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24 July 2014 The GRAVITY spectrometers: thermal behaviour
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GRAVITY is a 2nd generation VLTI Instrument o which operates on 6 interferometric baselines by using all 4 Unit Telescopes. It will deliver narrow angle astrometry with 10μas accuracy at the infrared K-band. At the 1. Physikalische Institut of the University of Cologne, which is part of the international GRAVITY consortium, two spectrometers, one for the sciene object, and one for the fringe tracking object, have been designed, manufactured and tested. These spectrometers are two individual devices, each with own housing and interfaces. For a minimized thermal background, the spectrometers are actively cooled down to an operating temperature of 80K in the ambient temperature environment of the Beam Combiner Instrument (BCI) cryostat. The outer casings are mounted thermal isolated to the base plate by glass fiber reinforced plastic (GRP) stands, copper cooling structures conduct the cold inside the spectrometers where it is routed to components via Cu cooling stripes. The spectrometers are covered with shells made of multi insulation foil. There will be shown and compared 3 cooling installations: setups in the Cologne test dewar, in the BCI dewar and in a mock-up cad model. There are some striking differences between the setup in the 2 different dewars. In the Cologne Test dewar the spectrometers are connected to the coldplate (80K); a Cu cooling structure and the thermal isolating GRP stands are bolted to the coldplate. In the BCI dewer Cu cooling structure is connected to the bottom of the nitrogen tank (80K), the GRP stands are bolted to the base plate (240K). The period of time during the cooldown process will be analyzed.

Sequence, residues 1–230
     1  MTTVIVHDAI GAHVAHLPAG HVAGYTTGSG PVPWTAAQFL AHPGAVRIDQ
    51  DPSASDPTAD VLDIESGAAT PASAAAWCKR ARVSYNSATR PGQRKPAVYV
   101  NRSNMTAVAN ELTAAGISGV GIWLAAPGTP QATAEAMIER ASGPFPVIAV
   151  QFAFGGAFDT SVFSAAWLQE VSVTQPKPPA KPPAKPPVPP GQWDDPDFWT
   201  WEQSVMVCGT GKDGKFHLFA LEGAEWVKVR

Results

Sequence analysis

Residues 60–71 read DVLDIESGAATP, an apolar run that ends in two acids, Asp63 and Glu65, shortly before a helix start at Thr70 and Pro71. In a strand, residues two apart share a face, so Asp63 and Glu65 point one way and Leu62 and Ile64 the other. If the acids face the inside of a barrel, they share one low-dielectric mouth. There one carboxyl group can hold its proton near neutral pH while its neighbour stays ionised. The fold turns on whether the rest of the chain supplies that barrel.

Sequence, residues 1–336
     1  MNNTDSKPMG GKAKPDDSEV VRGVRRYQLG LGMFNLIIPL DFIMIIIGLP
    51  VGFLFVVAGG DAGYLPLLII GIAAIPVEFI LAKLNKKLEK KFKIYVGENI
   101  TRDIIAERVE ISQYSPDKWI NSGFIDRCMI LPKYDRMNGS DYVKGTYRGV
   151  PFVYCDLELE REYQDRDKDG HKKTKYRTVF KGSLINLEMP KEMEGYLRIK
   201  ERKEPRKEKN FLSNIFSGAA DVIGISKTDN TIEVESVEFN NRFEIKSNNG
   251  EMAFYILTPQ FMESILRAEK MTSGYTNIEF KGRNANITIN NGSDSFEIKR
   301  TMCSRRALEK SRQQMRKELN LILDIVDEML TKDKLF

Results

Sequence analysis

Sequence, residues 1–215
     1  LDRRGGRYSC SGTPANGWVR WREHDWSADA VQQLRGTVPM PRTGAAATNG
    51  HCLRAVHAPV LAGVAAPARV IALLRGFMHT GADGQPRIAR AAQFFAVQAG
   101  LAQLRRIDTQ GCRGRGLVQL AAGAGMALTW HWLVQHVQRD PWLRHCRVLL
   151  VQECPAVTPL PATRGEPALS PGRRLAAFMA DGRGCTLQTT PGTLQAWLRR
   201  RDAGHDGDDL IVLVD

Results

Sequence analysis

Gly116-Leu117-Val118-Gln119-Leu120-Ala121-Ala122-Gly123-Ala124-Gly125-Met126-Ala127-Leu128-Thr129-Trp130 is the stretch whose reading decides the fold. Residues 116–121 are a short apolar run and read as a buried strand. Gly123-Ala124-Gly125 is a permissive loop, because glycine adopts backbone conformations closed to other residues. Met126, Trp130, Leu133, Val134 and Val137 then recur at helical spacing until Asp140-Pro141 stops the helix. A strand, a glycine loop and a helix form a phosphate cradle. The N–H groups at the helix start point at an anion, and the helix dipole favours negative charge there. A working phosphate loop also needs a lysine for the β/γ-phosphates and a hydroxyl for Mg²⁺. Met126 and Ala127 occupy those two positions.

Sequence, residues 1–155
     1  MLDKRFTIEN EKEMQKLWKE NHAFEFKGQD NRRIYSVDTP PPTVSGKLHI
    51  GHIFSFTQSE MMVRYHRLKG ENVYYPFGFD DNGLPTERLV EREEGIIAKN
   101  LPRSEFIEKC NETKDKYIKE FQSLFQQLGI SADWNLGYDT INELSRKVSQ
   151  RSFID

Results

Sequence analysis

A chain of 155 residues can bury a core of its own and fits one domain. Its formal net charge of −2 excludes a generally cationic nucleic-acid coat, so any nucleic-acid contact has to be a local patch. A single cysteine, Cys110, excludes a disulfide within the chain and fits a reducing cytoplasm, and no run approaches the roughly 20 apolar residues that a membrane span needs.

© (2014) COPYRIGHT Society of Photo-Optical Instrumentation Engineers (SPIE). Downloading of the abstract is permitted for personal use only.
Imke Wank, Christian Straubmeier, Michael Wiest, Senol Yazici, Sebastian Fischer, Frank Eisenhauer, Guy S. Perrin, Karine Perraut, Wolfgang Brandner, Antonio Amorim, Markus Schöller, and Andreas Eckart "The GRAVITY spectrometers: thermal behaviour", Proc. SPIE 9146, Optical and Infrared Interferometry IV, 914628 (24 July 2014);

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